This digital reader features a 10.1" touch-screen tablet that includes an audio recorder, so you can capture lectures for playback, while the 9.7" E-Ink screen lets you take notes directly on the book you're reading with the included stylus pen.
10.1" LCD touch-screen color tablet
Features a Linux with Google Android platform for playing movies or MP3 files, organizing books, notes and pictures or sending instant messages.
9.7" E-Ink reader
Features zoom capability and a glare-free screen so you can read in sunlight. E-Ink technology lets you take notes directly on the book you're reading with the included stylus pen. You can also draw on a blank journal page.
Attach links to eBooks
With the 2 connected screens for interactive multimedia books. Select text from an eBook and search for it with Google Search or Wikipedia.
Built-in A/V recorder
Lets you capture lectures for later playback and record still shots or movies as MP4 or 3GP files.
4GB built-in memory (3GB usable)
Provides space for storing thousands of eBooks. Use a Secure Digital card or USB flash drive for accessing and adding more digital content (media and flash drive not included).
Supports a variety of media formats
Including ePub, PDF, MP3, WAV, 3GPP, MP4, AAC, OGG, M4A, 3GP, Adobe Flash Lite (H.264), AVI, MOV and WMV formats.
High-speed USB port
For fast data transfer.
Connect to the Internet without wires.
Weighs 3 lbs. and measures just 1" thin for easy portability.
Up to 16 hours of battery life
For reliable use.
Product images, including color, may differ from actual product appearance.
Nowadays, buying a new television is a fact of life every 3-5 years. Not only is it necessary to replace old TVs, but with the way technology is progressing, a TV from more than five years ago may begin to seem obsolete. That rapid pace of technology can also make buying a new TV intimidating, however, as every time you shop you will hear new terminology, encounter features you're not sure that you need, and run into pushy salespeople trying to rush you into a purchase. To ease your mind, here are some tips for buying a TV that might make your shopping a little bit easier.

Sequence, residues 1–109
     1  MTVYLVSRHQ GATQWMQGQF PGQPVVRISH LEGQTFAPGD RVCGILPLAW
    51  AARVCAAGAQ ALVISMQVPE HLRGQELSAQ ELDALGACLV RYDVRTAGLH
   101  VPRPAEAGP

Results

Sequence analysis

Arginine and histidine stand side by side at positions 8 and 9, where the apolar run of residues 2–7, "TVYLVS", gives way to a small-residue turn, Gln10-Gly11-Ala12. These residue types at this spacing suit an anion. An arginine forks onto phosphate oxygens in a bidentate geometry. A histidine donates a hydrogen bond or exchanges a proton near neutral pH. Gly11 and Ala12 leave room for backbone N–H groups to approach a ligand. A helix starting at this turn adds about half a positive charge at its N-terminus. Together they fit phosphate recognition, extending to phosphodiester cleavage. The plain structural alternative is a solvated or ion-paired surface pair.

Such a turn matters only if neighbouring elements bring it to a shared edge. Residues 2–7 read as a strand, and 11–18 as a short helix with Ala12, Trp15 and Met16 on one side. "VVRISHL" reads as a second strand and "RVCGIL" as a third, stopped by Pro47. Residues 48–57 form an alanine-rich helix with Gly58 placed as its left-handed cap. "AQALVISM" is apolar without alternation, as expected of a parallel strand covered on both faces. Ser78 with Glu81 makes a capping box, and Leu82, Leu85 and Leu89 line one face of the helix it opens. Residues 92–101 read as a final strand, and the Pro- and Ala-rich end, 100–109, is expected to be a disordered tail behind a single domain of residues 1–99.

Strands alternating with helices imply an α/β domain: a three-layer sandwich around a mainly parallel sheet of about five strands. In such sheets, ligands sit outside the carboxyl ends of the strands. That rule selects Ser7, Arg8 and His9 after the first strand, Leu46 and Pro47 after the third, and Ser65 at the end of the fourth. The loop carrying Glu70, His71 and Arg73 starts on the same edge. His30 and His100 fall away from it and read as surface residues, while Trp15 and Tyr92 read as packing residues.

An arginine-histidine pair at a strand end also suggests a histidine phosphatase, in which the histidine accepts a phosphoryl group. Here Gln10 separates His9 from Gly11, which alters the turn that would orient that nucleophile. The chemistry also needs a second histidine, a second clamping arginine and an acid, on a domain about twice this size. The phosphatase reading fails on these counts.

1. Don't be afraid of HD
High-definition TVs used to be expensive and considered luxury items, but that is no longer the case. Now most new TVs are being produced with HD capabilities, and the prices for HDTVs are generally reasonable. HD programming also used to be difficult to come by, but now all the major networks broadcast in HD. And, if you're a sports fan, HD is a must. In general, the addition of HD won't cost you an arm and a leg, and you probably won't regret it if you go for it. It won't be long before programming on a non-HDTV will look downright prehistoric.
2. A technology primer
Probably the most intimidating part of buying a TV nowadays is the terms that salespeople bandy about. You might hear the terms LCD or plasma and be completely confused. They'll tell you it's great, bur really what does it mean? Here are some important things to know, and while it's not everything it can keep you from feeling overwhelmed. A standard-definition television is a tube television, which is quickly becoming old-fashioned. Most aren't HDTV-capable and are smaller than 27 inches. Salespeople may refer to them as direct view TVs. Plasma screen TVs are flat-screen televisions, but another flat-screen version, known as LCD, is taking their place as the most popular HDTVs. Although plasma picture quality is better in some cases there are a wider variety of LCD TVs and their prices are reasonable, making them popular with consumers.
3. Take a look in back
When you're shopping for a TV, it's easy to focus on the obvious: size, price, picture, and just overall the way it looks. However, you also want to make sure your TV is going to work with the devices you have. Take a look at the back panel and make sure the inputs are there for your DVD player, VCR, cable box, video game consoles, or whatever you want to plug into it. Don't assume, as a limited number of inputs can be a reason for a lower price.
4. If you can go big, go big
If you get a bigger TV, you probably won't regret it unless you take a drastic cut in quality to do so. Prices on bigger TVs are falling, and you might be surprised at the size you can get for the cost of a 27-inch five years ago. Don't be reluctant about going bigger unless there's a real reason not to.